The Piccolomini Library was also stunning. The frescoes were all original...have never been restored. This particular room has tall, clear windows. This allowed for enough natural light that the frescoes were never damaged by smoke and soot from candles.

We had sort of a combo ticket thing that allowed us also to see the Baptistry, the museum, and the crypt which the cathedral was built on top of. We were also able to climb up to the top of some wall (aagh...I don't remember). We had am amazing view of the countryside. Ah, Tuscany!

This really took most of the afternoon. We then headed down to the Piazza, poked around in some little shops, got some gelato. The bell tower was no longer open to climb to the top, so we just sat in the Piazza and tried to imagine it full of people.

We headed back to our hotel, stopping at a little yarn shop along the way. I've been knitting on the trip...a wonderful pattern suggested to me by a co-worker. Despite its simplicity, I'd screwed up and before I went to far, I thought I should rip it back. But, I didn't really have anything to create a life-line with, so I went into this shop hoping to find some notions (specifically a tapestry needle) and some cheap yarn that could serve as my lifeline. No notions in the entire store. Not a single one. Sigh. Let this be a lesson to me to travel with some cheap yarn and a tapestry needle. I did buy some pretty grey fuzzy stuff. Made in Italy.

Back at the hotel, I was looking forward to an awesome shower! And it did not disappoint..for about the first minute. Almost immediately, the shower was full of water up to my ankles. Despair. Would I ever have a decent shower in Italy?

Of course, the big question of the evening was where would we eat.  Now, Rick Steve's did recommend eating someplace on the Piazza, for the atmosphere, warning that the food would be mediocre and overprices. Had it been summer and the Piazza bustling with activity, we may have done this. He also recommended a place called Compagnia dei Vinattieri. It also had good Trip Advisor ratings (I love to read the 1 and 2 star ratings. Some of the things people complain about are absurd, "The menu wasn't in English!", or occasionally are written by people who didn't even eat there, "It was closed").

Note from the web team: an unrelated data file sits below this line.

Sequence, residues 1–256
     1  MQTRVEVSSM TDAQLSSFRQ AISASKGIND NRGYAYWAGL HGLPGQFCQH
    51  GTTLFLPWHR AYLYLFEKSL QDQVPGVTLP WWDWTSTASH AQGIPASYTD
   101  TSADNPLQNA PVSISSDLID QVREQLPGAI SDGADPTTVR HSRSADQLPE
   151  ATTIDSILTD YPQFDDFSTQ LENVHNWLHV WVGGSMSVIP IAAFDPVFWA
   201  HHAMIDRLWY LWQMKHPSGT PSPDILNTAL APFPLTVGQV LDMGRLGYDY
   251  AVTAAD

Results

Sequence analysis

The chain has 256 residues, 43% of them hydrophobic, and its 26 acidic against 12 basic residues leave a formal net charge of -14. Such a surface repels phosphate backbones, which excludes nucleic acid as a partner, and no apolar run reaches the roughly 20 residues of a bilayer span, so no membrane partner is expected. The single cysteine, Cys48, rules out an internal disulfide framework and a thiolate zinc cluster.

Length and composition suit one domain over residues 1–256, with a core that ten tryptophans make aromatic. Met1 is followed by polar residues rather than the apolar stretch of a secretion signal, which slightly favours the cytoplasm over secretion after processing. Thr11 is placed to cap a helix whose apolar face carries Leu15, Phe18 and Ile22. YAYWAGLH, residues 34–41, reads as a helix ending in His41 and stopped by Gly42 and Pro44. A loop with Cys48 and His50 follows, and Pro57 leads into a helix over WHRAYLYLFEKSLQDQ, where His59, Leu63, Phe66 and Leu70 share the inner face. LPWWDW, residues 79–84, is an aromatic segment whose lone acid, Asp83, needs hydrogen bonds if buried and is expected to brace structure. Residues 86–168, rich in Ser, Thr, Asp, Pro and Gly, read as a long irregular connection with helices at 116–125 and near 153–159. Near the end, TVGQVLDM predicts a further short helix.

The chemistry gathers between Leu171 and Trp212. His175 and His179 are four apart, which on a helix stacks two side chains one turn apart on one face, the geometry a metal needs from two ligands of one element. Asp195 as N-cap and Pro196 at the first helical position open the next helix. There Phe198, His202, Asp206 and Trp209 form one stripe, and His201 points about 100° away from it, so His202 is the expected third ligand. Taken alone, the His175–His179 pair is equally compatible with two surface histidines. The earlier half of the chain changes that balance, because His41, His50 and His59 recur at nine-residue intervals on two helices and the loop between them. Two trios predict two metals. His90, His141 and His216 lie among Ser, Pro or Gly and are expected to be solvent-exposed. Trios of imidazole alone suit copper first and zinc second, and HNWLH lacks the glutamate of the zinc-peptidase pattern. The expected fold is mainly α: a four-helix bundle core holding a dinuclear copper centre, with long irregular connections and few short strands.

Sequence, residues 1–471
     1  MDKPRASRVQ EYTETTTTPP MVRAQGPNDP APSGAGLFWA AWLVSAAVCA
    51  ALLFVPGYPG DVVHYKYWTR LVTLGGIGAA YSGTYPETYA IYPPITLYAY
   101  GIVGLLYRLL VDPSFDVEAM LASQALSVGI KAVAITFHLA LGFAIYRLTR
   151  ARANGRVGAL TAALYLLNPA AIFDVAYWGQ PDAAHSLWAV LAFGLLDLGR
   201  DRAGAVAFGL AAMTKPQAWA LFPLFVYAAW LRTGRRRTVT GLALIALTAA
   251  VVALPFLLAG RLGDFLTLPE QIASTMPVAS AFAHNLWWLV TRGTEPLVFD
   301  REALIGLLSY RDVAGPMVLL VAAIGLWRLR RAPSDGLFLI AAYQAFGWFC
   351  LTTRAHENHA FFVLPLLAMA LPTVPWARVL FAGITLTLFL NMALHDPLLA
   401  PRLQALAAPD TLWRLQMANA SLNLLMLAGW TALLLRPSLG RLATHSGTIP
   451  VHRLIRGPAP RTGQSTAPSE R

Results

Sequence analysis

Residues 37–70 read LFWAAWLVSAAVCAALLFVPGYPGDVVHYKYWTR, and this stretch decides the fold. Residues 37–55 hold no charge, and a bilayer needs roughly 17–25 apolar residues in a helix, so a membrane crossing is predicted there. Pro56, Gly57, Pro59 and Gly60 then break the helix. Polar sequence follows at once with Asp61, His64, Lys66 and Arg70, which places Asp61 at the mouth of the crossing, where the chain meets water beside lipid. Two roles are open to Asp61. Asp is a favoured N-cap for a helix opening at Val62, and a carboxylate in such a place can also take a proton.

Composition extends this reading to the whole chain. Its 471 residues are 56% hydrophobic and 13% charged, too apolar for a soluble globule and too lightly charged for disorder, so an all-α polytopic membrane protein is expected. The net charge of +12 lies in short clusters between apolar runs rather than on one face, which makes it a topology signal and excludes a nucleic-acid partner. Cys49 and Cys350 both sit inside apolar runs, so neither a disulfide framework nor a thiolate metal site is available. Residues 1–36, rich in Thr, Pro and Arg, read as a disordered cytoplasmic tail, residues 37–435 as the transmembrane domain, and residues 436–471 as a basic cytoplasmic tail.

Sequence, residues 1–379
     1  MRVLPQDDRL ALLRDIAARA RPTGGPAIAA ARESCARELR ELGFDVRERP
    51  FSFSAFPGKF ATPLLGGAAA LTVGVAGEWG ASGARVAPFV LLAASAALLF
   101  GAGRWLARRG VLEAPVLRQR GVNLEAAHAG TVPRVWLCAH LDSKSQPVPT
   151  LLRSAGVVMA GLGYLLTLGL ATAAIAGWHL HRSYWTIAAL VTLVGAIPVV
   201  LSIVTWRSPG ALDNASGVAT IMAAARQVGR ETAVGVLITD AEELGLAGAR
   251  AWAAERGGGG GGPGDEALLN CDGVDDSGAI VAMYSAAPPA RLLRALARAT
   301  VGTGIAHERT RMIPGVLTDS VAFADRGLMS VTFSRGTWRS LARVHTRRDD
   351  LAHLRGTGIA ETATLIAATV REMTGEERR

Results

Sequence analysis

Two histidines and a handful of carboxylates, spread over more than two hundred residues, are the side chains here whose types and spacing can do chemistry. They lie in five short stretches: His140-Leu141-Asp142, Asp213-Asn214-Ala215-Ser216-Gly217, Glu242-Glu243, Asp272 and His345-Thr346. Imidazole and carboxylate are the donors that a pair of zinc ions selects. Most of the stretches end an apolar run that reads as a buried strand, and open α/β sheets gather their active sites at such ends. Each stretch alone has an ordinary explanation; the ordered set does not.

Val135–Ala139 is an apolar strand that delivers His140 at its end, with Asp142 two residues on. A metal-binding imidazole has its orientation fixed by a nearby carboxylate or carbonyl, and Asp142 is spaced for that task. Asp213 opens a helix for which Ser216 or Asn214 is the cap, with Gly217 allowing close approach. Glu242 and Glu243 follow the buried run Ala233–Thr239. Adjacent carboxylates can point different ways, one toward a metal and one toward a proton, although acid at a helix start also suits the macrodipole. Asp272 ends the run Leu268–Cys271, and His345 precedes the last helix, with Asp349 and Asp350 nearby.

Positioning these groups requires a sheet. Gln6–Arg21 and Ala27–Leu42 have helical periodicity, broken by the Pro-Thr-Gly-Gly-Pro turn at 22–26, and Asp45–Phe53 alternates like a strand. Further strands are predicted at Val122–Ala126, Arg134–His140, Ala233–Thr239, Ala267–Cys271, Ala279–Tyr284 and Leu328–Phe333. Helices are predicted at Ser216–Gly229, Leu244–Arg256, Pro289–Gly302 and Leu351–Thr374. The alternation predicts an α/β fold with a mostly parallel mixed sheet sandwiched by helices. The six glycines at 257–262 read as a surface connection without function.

The real "problem" we had with dining out in Italy was knowing when to go. Typically, many places advised reservations and there were plenty of reviews for various places where they didn't have a reservation and missed out. Of course, this is from people who were there during the tourist season. We were there in the off-season, so we were never really sure. Did we need a reservation? Should we just show up? Honestly, there were times we were the only people staying in a hotel. So, we usually went to dinner "early", around 8:00...right when dinner service started. We never had an issue...there were a few places that got busy...but several places we went even by the time we left, no one else had shown up.

Okay, so back to dinner that night. This restaurant was cozy and charming. There was even a stuffed moose hanging out on the bookshelf. We started off with a little prosecco. This restaurant had a tasting menu that could be paired with wine selections for each course, so of course we went with that. I am now going to bore you with photos of our food.

First course, the antipasti. So, at the top you see a Cinta Senese mousse with chestnut crepes. Chestnuts were in season! Yay! Cinta Sense is a type of Tuscan, they made some kind of mousse. It was very good. The red blob is a cardoon flan with a tomato puree. And next to that, crispy beef tongue! I would not have ordered this on my own, but it was amazing. Perhaps the preparation helped, but I didn't feel like I was eating tongue. It had an anchovy sauce.

We were off to a good start. Next was the primi course, which is usually pasta. We had picci (sort of like spaghetti only thicker...this was popular, we had pici just about everywhere we went) with bacon and chicory hearts. We do not like chicory. But, we would have never known that had we not tried it. The raviolis is stuffed with braised beef and in a cheese and saffron sauce. This we did like. Very much.

 Our main course was, well I don't remember! Ha...I didn't get a picture of that part of the menu. Well for sure you see some steak here. This was very good. There were some roasted potatoes, which were the thing that didn't get eaten because they were roasted potatoes and very good, but we were getting full and I wanted room for that steak. I have no idea what that other thing is....some sort of moussey/flan concoction that I liked.

And of course we ordered dessert. We got the Grand Dessert which had a selection of favorites. Chocolate cake, a tart, and another sort of mousse thing. Lemon I think. All very good.

All in all, a very good meal. A little more upscale and fancy...not your Italian grandmother's cooking, but an excellent way to end the day.

After dinner, we walked back down to the Piazza del Campo to check it out at night. It was quiet. Many of the restaurants lining the piazza were closed, but a few were open and seemed to have a lively crowd.

But, it was time to head back to the hotel. We had a big day ahead of us! We would be picked up in the morning and then the walking tour would officially begin!